As oracle networks cause rising concerns, what’s next?
- Oracle-related manipulations resulted in exploits of $892 million from 2020.
- Oracle-less protocols aim to address the gaps, but they are not foolproof.
Blockchain oracles have played a key role in connecting the blockchain world with the real world, enabling decentralized apps (dApps) to react to data from traditional systems.
The most basic example of these services is the price information of different crypto assets, which are fed into the smart contracts of decentralized finance (DeFi) protocols.
However, concerns over reliability and manipulation have cast a serious doubt on the future of this blockchain middleware. According to a recent report by Binance Research, nearly $892 million worth of cryptos have been lost due to oracle-related manipulations over the last three years.
The incidents of exploits have dramatically come down in 2023. Regardless, talks of an alternative to the existing oracle system have gained traction. That’s where oracle-less protocols come into the picture.
Oracle-less protocols eliminate the need for oracles entirely. This means that the projects won’t be dependent on external price feeds. Hence, malicious actors won’t be able to exploit them easily.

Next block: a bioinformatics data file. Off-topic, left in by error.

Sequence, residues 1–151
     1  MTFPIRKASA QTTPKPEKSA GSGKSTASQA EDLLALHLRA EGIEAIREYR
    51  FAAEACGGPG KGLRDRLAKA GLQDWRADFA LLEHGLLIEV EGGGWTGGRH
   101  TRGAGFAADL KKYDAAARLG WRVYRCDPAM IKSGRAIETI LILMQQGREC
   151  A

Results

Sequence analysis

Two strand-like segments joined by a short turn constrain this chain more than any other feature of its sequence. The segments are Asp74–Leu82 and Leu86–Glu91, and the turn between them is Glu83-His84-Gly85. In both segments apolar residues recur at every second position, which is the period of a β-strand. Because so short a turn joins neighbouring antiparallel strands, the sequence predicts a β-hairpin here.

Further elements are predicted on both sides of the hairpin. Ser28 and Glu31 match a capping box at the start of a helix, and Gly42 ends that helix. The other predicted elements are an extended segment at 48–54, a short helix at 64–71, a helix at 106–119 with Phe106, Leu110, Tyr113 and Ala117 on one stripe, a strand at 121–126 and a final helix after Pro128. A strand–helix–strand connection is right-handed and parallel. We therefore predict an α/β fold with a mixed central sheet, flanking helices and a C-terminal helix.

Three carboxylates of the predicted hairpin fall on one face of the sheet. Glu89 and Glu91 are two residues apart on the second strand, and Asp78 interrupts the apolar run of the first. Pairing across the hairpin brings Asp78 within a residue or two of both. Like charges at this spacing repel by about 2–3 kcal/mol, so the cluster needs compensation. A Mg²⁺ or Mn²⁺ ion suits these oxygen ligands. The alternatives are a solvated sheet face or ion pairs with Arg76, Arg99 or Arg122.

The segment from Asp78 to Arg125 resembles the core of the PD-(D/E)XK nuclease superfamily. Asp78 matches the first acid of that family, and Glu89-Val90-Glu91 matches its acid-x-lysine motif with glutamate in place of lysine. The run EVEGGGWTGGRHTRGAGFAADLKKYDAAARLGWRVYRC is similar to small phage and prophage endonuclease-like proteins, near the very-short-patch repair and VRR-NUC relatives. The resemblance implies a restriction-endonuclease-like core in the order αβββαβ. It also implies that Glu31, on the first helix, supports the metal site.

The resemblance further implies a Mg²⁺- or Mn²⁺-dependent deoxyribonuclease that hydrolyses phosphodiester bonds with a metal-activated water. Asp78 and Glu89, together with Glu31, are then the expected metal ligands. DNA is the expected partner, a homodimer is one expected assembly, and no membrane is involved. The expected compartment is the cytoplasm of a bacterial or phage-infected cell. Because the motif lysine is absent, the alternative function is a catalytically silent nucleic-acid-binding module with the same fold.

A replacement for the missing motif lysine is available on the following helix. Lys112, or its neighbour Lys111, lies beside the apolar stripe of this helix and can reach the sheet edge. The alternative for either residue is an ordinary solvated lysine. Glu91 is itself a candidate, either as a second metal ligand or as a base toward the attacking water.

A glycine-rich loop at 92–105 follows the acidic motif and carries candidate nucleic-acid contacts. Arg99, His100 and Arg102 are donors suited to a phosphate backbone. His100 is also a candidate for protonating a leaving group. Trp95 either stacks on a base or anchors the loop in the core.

As per the research report, some ways by which oracle-less projects could be implemented in the realm of lending was through peer-to-pool and peer-to-peer models.
The peer-to-pool model involves the creation of a permissionless pool, wherein lenders and borrowers would decide on the asset price. Pool creators can independently set the initial interest rates for each specific token pair. Rates then fluctuate based on the utilization.
Ajna Finance was the prime example of a protocol employing this mechanism.
On the other hand, the peer-to-peer model would provide a platform where both parties could directly interact and agree on the price. PWN Finance uses this mechanism to match the lenders and the borrowers.
Not everything was hunky-dory
While oracle-less protocols do eliminate the dangers and risks attached with oracles, they come up with certain trade-offs that should be factored in.
Oracle-less solutions are more complex in nature, which may require users to take on mundane responsibilities, such as tracking asset prices and dedicating more time for analyses.
Moreover, even if implemented, there would always be an element of doubt in the minds of users. Hence, they might end up cross-checking the data with external sources, which ironically, could come from an oracle.